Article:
Central hosted 20 international students and four instructors for a recent tour of the hydro-irrigation project.
The tour group was part of a field course coordinated by the United Nations Educational, Scientific and Cultural Organization’s Institute for Water Education (UNESCO-IHE) which is based in The Netherlands. UNESCO-IHE partners with the Daugherty Water for Food Institute at the University of Nebraska-Lincoln (DWFI/UNL), which in turn, partnered with Central to bring the students to Nebraska and to Central’s project area.
(Above: Kingsley Dam Foreman Nate Nielsen (top center) explains hydroelectric operations near a spare wicket gate.)
The 14-day field course, coordinated by the DWFI/UNL faculty, is composed of two elements, field measurements and a field trip. The field trip gives the students the opportunity to observe hydraulic engineering structures, irrigation schemes and structures, the manufacturing of water management equipment, including center pivots, PVC pipe, water meters, and vertical turbine pumps, and the installation of subsurface drip irrigation (SDI).
Part of the tour group’s two days with Central included a stop at the Monsanto Water Utilization Learning Center near Gothenburg. The students also visited Central’s administrative headquarters in Holdrege; learned about Central’s Supervisory Control and Data Acquisition (SCADA) operations during a “virtual tour” of the control room; stopped at several sites within the irrigated area to see SDI and pivot sites and canal control structures; toured the Lake McConaughy Water Interpretive Center as well as the reservoir’s outlet structures and the Kingsley Hydroplant. The group stayed overnight at Jeffrey Lodge at Jeffrey Reservoir.
Students are required to develop a report that accounts for the site visits. In the field measurements portion of the course, students collect and analyze data and write technical reports that include their synthesis and interpretation of the results and a summary of each project. Topics include efficiency and analysis of irrigation systems, groundwater and wells, discharge measurement in streams and pipelines, pumping systems for irrigation, pipeline hydraulics, soil water measurement, and soil hydraulic properties.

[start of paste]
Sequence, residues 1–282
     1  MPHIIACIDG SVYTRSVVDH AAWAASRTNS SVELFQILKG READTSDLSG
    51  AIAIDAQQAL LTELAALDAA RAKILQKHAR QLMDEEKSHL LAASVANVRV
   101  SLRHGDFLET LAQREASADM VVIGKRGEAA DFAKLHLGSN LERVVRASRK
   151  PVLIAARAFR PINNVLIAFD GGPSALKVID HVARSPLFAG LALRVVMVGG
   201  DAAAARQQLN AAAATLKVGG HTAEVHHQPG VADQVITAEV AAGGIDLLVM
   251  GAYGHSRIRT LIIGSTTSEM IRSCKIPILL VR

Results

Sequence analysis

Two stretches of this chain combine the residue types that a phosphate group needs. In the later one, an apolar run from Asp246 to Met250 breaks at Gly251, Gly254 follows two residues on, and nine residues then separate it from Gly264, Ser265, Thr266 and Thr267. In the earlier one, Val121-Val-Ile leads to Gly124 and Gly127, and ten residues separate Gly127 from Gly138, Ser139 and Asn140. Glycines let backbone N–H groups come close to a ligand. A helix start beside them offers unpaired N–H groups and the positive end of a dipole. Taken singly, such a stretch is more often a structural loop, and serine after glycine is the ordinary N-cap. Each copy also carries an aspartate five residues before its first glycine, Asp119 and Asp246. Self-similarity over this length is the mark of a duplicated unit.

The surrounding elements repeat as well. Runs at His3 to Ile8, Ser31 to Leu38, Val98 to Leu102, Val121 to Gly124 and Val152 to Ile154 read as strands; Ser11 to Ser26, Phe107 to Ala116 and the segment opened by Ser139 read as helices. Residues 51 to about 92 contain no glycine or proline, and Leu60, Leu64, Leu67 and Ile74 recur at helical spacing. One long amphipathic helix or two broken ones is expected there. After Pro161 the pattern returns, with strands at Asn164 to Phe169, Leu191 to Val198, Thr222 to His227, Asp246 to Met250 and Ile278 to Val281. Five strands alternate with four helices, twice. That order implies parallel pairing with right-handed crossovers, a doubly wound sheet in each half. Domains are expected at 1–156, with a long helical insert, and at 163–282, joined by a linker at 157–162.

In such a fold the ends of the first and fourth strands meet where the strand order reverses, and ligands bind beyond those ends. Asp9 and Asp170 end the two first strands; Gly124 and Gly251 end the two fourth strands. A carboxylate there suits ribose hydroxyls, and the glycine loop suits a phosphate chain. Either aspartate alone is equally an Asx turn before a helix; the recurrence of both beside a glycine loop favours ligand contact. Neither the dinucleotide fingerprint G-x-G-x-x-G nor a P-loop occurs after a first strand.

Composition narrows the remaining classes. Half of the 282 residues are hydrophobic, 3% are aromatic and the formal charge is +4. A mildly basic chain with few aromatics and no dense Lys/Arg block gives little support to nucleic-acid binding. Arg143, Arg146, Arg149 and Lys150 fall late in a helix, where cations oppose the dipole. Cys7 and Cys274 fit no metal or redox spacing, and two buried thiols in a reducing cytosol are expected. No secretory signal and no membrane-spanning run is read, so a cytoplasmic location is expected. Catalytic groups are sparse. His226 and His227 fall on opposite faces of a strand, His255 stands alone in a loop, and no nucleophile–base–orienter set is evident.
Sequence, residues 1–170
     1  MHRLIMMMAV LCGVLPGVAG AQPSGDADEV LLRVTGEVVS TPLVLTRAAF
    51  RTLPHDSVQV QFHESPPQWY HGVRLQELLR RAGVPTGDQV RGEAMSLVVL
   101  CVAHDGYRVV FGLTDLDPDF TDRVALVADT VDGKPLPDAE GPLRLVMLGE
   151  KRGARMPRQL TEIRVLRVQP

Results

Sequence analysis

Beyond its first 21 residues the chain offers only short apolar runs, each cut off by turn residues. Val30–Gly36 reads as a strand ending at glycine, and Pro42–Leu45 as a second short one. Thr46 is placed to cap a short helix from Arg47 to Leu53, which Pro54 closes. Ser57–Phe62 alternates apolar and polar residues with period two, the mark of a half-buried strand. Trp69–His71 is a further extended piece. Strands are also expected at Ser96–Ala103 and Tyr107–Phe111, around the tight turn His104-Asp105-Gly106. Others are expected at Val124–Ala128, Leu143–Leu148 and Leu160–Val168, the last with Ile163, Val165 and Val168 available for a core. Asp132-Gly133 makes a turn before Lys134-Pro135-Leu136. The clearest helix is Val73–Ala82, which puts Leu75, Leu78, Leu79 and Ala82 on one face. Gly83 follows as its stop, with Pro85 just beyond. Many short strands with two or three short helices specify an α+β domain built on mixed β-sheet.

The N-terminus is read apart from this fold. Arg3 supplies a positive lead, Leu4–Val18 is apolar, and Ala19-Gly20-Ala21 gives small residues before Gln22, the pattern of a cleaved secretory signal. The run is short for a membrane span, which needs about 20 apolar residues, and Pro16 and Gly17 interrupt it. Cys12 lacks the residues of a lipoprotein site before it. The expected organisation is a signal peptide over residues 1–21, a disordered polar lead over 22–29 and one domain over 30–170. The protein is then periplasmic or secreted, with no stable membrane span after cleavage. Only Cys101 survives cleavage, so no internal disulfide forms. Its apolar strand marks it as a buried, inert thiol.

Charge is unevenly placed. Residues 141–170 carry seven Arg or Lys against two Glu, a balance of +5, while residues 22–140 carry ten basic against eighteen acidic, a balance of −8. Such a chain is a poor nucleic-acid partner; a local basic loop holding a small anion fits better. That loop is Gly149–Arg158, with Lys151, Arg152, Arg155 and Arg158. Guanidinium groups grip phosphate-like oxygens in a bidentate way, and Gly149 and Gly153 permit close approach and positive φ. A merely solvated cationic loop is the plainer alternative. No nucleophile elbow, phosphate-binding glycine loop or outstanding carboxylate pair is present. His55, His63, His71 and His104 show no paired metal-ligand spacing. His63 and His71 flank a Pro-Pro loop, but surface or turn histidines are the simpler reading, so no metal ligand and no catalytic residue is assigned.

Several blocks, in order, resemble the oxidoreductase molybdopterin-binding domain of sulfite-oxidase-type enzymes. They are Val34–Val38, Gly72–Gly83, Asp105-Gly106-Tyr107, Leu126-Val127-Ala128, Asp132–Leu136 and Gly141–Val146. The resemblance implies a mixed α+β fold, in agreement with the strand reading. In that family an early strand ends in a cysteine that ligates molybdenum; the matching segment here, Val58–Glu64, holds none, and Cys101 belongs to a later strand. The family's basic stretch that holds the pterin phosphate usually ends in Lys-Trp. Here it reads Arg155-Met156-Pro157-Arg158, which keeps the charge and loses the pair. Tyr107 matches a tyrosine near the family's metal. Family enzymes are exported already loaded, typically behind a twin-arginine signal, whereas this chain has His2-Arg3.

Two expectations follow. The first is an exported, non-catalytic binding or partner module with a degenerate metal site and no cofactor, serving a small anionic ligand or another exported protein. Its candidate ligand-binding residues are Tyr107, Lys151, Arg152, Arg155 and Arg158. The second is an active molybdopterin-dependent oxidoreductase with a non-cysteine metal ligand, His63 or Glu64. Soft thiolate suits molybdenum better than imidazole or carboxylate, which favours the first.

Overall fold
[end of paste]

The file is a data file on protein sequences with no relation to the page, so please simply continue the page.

The students at UNESCO-IHE are pursuing M.S. degrees in water science and engineering, specializing in land and water development. The students are experienced professionals from developing countries. This year’s class included students from Ethiopia, Ghana, Guyana, Indonesia, Kenya, Nepal, Nigeria, Pakistan, Swaziland, Tanzania and Zimbabwe.
Since 1957 the Institute has provided graduate education to more than 14,500 water professionals from over 160 countries, the vast majority from the developing world. Numerous research and capacity development projects are carried out throughout the world. The Institute offers a unique combination of applied, scientific and participatory research in water engineering combined with natural sciences and management sciences. Since its establishment the Institute has played an instrumental role in developing the capacities of water sector organizations, not least by strengthening the efforts of other universities and research centers to increase the knowledge and skills of professionals working in the water sector.
Laszlo Hayde and Sur Suryadi from IHE accompanied the tour group from the Netherlands. UNL faculty on the tour included Dean Eisenhauer and Derek Heeren. Central personnel who met with the students included Irrigation Division Manager Dave Ford, Kingsley Dam Foreman Nate Nielsen, and Gothenburg Division Manager Kevin Boyd. Public Relations Coordinator Jeff Buettner was the tour guide and host. Monte Vonasek of Central Valley Irrigation and John Ford, a producer and irrigation customer, also met with the group to share information about on-farm irrigation systems.